José F. Vásquez Impressions for Piano Impressive
During his lifetime, José F. Vásquez (1896-1961) was a major figure in Mexican classical music. As a teacher, he founded the Escuela Libre de Música, still in operation. He also founded the Music Department at the University of Mexico.
As a conductor, he led the University’s orchestra (which he also founded). He enjoyed an international career as a conductor.
And Vásquez composed over 200 works. His catalog included five symphonies, three piano concertos, two violin concertos, and eight operas. And after his death, most of it vanished. I couldn’t find many details. But Vásquez’s manuscripts were scattered to the four winds after his death.
His son has spent the last four decades tracking down his father’s music. And as he recovers it, we’ll have more recordings like this.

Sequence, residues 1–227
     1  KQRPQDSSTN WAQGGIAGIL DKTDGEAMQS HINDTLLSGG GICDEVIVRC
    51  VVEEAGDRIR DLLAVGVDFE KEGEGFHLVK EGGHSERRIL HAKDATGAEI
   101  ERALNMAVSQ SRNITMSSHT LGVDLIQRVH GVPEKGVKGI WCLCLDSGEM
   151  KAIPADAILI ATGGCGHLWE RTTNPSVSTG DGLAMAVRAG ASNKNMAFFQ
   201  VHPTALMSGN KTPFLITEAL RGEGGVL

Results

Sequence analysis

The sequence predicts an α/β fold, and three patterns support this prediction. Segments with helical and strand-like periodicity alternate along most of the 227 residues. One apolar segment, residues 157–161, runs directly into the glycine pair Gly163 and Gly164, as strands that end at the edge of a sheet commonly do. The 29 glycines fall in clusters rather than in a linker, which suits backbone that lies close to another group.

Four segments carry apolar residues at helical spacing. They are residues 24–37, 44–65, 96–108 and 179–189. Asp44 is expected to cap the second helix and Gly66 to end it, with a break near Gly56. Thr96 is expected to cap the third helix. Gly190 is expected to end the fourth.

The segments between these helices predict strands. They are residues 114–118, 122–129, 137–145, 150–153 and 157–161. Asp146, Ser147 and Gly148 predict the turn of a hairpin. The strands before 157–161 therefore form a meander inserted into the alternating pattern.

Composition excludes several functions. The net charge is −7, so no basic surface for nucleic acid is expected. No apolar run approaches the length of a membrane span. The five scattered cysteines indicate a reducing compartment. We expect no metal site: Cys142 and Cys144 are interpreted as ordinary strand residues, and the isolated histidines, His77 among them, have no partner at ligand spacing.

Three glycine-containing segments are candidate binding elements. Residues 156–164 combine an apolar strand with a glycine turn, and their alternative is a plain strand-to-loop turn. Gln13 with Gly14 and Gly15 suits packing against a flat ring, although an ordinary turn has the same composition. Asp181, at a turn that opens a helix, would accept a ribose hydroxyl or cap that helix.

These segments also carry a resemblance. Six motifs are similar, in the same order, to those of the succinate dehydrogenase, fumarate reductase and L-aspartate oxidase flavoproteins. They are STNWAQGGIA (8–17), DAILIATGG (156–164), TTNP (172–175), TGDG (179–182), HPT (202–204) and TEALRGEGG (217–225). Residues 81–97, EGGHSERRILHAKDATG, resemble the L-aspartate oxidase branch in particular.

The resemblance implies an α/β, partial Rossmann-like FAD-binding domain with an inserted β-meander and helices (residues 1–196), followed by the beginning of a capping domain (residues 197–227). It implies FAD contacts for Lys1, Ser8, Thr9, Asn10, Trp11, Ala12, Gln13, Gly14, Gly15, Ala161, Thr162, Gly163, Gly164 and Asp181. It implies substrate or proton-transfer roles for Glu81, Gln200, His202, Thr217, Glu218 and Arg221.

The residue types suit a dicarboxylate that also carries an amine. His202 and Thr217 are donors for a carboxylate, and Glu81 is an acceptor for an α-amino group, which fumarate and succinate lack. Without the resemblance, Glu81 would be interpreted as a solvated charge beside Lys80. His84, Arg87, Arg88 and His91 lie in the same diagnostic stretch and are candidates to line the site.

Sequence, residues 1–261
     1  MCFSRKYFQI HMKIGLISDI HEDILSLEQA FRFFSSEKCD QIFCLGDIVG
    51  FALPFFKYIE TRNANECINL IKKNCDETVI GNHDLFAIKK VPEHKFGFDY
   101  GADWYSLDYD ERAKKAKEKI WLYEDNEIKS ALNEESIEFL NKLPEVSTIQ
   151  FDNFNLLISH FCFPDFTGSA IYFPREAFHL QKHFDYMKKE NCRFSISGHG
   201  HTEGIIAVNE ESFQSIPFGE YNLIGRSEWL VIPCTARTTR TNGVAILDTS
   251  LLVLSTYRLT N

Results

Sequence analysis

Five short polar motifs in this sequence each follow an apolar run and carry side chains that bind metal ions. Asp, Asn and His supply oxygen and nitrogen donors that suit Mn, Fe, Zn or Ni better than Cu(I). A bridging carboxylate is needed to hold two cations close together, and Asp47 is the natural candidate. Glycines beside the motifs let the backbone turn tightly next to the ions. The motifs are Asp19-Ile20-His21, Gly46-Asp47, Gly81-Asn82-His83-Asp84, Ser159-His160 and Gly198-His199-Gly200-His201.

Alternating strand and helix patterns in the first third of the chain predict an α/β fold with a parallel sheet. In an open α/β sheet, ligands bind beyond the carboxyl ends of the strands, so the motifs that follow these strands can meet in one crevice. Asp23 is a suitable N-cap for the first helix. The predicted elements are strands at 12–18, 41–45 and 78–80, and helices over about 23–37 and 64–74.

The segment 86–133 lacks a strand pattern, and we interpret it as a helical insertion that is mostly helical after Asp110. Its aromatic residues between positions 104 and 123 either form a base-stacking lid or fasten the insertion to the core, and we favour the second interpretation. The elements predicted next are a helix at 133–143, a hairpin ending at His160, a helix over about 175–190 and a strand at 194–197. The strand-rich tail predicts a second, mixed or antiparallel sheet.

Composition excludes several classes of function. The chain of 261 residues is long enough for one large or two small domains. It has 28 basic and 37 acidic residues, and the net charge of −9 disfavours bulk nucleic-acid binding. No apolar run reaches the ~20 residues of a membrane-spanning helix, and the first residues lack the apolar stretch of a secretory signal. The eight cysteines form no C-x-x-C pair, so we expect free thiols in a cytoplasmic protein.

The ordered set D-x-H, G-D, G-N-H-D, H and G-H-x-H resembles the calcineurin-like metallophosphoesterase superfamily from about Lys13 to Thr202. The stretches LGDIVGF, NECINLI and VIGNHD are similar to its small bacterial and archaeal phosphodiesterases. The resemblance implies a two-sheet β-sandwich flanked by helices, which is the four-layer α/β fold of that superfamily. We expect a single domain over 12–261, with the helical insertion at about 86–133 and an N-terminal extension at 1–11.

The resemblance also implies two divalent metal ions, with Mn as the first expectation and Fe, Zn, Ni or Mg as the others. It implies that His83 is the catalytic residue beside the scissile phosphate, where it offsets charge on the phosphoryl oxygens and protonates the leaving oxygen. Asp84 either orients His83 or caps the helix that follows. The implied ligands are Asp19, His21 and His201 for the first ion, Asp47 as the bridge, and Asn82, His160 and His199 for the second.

Vladimir Curiel performs all five series of Impressions by Vásquez. Not much is known about these works. He composed all five series (as they’re called) in the 1920s. Each piece seems to be a test case. Vásquez starts with a concept and then works through it over the course of a 3-5 minute piano piece.
But don’t think these are experiments. Each one is a finely crafted gem. Vásquez shows great imagination. His treatment of his themes varies from piece to piece. For the most part, these seem to be simple pieces to play. But there’s a subtly in their simplicity.
Curiel plays with sympathetic expression and delicate musicality. And it works. I was entranced by the opening track. And the music retained its hold on me throughout the recording.
These are beautiful miniatures that would benefit any piano program. I’m hoping there are more Vásquez recordings in store. He had a talent that deserves to be celebrated.
José F. Vásquez: The Complete Impressions for Piano
Vladimir Curiel, piano
Toccata Classics TOCC 0693